(JTA) — Ghislaine Maxwell, the British socialite who was sentenced to 20 years in prison for her role in Jeffrey Epstein’s sex abuse ring, is receiving services from a nonprofit that supports Jewish prisoners.
Maxwell, whose father was Jewish, did not publicly identify as Jewish previously and is not considered Jewish under traditional Jewish law. The news was first reported by The Sun, a British newspaper, which said that Maxwell “has been rewarded with better food and more time off work.”
U.S. prisons are obligated to honor inmates’ religious obligations in most cases — meaning that Jews are often given access to kosher food, prayer supplies and changes in work schedules to account for Shabbat and holidays.
Prisons also offer services based on inmates’ self-identified religions, although chaplains may be asked to certify whether inmates hold sincere religious beliefs. (Certification requirements have faced legal challenges.) Sometimes the services are provided by nonprofit groups, even when the prisons employ religious chaplains of their own.
The nonprofit that is providing services to Maxwell at the Federal Correctional Institute in Florida is called Reaching Out, according to The Sun. It is one of several organizations operated by people affiliated with the Chabad-Lubavitch movement to serve those who are incarcerated; another, the Aleph Institute, supports prisoners with not only their religious needs while incarcerated but also in seeking clemency or parole.
Chabad is one of the most extensive purveyors of services to Jewish prisoners across the United States, in keeping with its mission to bring as many Jews as possible closer to their religion.
“We’re not helping them get out of prison, we’re helping them spiritually — to bring them to a state of mind which had they had exposure to, maybe they wouldn’t have done what they did,” Rabbi Zvi Boyarsky, now an Aleph Institute director, told the Jewish Telegraphic Agency in 2009.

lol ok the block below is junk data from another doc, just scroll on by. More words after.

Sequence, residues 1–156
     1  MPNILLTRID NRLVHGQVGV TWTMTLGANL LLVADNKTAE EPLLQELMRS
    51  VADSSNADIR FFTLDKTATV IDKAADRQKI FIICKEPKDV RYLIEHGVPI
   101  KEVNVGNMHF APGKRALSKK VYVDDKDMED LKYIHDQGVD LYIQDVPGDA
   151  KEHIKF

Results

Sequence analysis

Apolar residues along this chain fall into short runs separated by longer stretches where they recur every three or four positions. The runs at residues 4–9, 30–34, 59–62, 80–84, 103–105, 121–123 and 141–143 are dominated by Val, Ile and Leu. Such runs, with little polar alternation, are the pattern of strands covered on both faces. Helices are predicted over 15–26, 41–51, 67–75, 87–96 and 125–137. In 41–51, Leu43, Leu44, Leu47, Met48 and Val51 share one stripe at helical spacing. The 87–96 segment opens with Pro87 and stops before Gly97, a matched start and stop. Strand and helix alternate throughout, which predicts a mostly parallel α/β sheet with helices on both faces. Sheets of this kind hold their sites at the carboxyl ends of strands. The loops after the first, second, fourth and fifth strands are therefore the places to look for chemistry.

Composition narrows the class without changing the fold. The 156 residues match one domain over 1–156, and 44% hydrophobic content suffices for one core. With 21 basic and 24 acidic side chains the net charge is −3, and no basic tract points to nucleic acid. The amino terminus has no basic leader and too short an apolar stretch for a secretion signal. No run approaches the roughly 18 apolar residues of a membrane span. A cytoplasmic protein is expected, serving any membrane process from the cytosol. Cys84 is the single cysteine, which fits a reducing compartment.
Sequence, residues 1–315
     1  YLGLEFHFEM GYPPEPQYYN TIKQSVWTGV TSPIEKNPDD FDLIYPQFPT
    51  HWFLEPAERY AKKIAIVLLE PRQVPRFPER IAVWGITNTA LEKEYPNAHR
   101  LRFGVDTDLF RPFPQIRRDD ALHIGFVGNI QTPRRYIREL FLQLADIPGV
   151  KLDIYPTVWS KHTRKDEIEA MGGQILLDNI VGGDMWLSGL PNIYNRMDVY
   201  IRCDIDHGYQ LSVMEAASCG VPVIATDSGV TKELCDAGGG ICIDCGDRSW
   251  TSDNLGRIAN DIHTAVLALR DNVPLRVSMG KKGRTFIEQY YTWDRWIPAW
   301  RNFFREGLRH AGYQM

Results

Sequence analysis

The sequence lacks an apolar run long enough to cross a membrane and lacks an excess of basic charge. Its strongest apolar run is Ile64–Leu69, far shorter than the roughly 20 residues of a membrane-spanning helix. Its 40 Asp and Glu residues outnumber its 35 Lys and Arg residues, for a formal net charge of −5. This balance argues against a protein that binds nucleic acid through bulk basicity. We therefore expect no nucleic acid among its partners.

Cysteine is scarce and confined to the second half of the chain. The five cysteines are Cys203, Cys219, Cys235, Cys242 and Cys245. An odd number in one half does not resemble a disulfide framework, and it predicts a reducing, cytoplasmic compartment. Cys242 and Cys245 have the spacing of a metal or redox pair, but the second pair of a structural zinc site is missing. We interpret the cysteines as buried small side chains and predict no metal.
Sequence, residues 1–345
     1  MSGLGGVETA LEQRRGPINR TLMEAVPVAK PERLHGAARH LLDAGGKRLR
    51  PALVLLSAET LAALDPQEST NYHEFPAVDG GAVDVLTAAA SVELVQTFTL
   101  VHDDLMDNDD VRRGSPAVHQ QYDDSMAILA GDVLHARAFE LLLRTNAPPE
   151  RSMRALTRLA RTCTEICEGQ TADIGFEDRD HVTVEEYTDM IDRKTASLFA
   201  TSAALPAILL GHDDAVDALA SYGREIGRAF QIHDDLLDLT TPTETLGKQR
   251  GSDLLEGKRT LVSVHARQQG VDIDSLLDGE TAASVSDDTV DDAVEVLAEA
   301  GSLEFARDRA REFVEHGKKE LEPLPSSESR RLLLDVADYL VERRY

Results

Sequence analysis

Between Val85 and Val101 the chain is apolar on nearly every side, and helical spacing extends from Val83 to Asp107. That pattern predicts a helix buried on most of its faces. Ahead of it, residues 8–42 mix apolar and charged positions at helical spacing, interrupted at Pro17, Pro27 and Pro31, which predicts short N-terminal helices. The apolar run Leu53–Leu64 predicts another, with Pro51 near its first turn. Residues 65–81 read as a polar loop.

Other organizations supporting Jewish prisoners include Jewish Prisoner Services International, founded in 1984 by B’nai Brith, and a newer group, Matir Asurim, founded by rabbis affiliated with Reconstructing Judaism. Its name comes from the prayer thanking God for setting free those who are imprisoned.
While the exact number of prisoners who identify as Jewish is unknown, the number appears to have risen over time. (That number played a bit part in deliberations over sentencing for the Pittsburgh synagogue shooter, condemned last week to death.) A chaplain working in the New York state prison system told JTA in 2009 that the rise reflected a growing sense that Jewish prisoners had access to more perks.
One of those perks is kosher food, which a man incarcerated in Washington State praised in a 2021 JTA essay as good — “a rarity in prison.” It has not always been available: In the 1980s, a Texas prison canceled its kosher food option, saying that none of the prisoners using it were authentically Jewish — leading to a 1986 Supreme Court case ruling that rabbis, not prison officials, should determine who counts as Jewish. And Florida reintroduced a kosher food program in its prisons only under legal duress in 2013.
In some cases, people who are incarcerated have self-identified as Jewish or even converted to access kosher food. A character on the prison drama “Orange is the New Black” converted for that reason, reportedly prompting inmates as far afield as Scotland to do the same.
Maxwell’s claim to a Jewish identity runs through her father, a media magnate and possible spy who fled the Nazis as a child and was buried in Jerusalem after dying under mysterious circumstances in 1991.
Maxwell reportedly made use of her Jewish ancestry a few years ago, when she was alleged to have taken refuge in Israel while under investigation for her role in Epstein’s sex abuse scheme. She was arrested in 2020, convicted in 2021 and sentenced last year on five charges related to sex trafficking of minors as part of a scheme with Epstein, who died by suicide in a New York City jail in 2019.